6 Recruiting Tips for MBA Students

by Matthew Kuo on August 12, 2013

in MBA, MBA Tips

To learn more about Excel, go to the organized listing of all my Excel tutorial posts or review the most popular Excel books on Amazon
 

For most MBA students, the recruiting process is the single most grueling experience of their entire MBA careers.  Academics are still important, and your enhanced social life will be fun, but whether or not you consider your MBA a success will depend mostly on how well you do in recruiting.

Recruiting

Recruiting is typically a difficult journey with several emotional ups and downs.  It’s not easy going from having a full time job to being at the very bottom of the totem pole of the company you want to work for.  Having gone through the experience, I personally have several bumps and bruises that I will remember for a long time.  But from that I’ve gained greater wisdom, and I know that succeeding in the MBA recruiting process will make it much easier to succeed the next time I need to apply for a job.

The following tips represent advice for recruiting at a general level.  For more detailed recommendations on the topics of networking events, resume writing, and interviewing, please click on the appropriate links.

<< Previous | Online Services
Return to Index | 108 Tips for New MBA Students



Don’t Fall in Love With One Company

Most people come into business school with an open mind.  But as we progress through the recruiting cycle, it’s very easy to get attached to certain companies.  Company presentations are designed to generate interest and put recruiting companies in the best possible light.  When you start attending networking events, you’ll undoubtedly meet people you really like and can relate with.  And you’ll hear about projects from those people that fascinate you.  Eventually, you start picturing yourself working at said company and before you know it, you have a dream job you’re recruiting for.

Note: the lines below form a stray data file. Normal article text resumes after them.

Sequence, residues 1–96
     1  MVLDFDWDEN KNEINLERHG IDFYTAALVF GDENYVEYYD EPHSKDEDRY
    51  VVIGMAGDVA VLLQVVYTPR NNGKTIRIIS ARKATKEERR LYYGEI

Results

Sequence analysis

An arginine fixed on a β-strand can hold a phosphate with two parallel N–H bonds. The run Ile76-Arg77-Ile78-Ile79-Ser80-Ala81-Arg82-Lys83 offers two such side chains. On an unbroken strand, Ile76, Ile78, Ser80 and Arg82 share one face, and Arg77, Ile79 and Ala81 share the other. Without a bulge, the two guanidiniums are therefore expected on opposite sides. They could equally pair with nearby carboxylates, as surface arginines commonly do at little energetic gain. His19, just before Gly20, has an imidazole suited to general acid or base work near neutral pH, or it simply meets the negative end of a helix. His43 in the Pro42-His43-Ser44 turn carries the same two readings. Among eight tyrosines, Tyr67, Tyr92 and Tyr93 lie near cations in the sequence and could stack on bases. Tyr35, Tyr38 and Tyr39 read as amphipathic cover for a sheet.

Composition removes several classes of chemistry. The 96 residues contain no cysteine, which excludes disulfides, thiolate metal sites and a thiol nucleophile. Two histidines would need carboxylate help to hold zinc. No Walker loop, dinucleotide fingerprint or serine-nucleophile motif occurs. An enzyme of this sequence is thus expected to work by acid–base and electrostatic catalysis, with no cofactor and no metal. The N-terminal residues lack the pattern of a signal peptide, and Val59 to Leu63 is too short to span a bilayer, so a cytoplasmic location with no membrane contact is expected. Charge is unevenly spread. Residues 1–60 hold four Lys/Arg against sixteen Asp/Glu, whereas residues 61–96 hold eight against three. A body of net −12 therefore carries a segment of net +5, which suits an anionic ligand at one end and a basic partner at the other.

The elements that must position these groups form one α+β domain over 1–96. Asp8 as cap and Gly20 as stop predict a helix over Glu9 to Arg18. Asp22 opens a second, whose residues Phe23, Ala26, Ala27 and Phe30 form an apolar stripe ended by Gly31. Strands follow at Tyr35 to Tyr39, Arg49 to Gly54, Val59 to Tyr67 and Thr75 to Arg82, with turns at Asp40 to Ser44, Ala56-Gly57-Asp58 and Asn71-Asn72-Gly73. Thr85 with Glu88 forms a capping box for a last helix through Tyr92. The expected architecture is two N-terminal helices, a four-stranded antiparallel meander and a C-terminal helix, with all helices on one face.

The problem with being focused on one company is that the recruiting process can be fickle and subjective.  You could spend months researching, networking, and preparing to interview with your dream company.  But all it takes is a single negative thought from an interviewer to crush those dreams.  Even if you do everything right, there’s always the possibility that an interviewer simply won’t like you.

In the world of MBA recruiting, the hiring companies definitely have an advantage: each company is going to screen several students and will only actually hire a select few.  But regardless of your background, on any given MBA campus, there are plenty of companies you can recruit for.  Don’t make your MBA experience entirely focused on one company.  If you limit your possible outcomes for success, you’re definitely more likely to fail.  Your MBA experience should be about the skills you develop, the contacts you obtain, and your overall improved professional candidacy; not whether a single company likes you.

Have a Backup Plan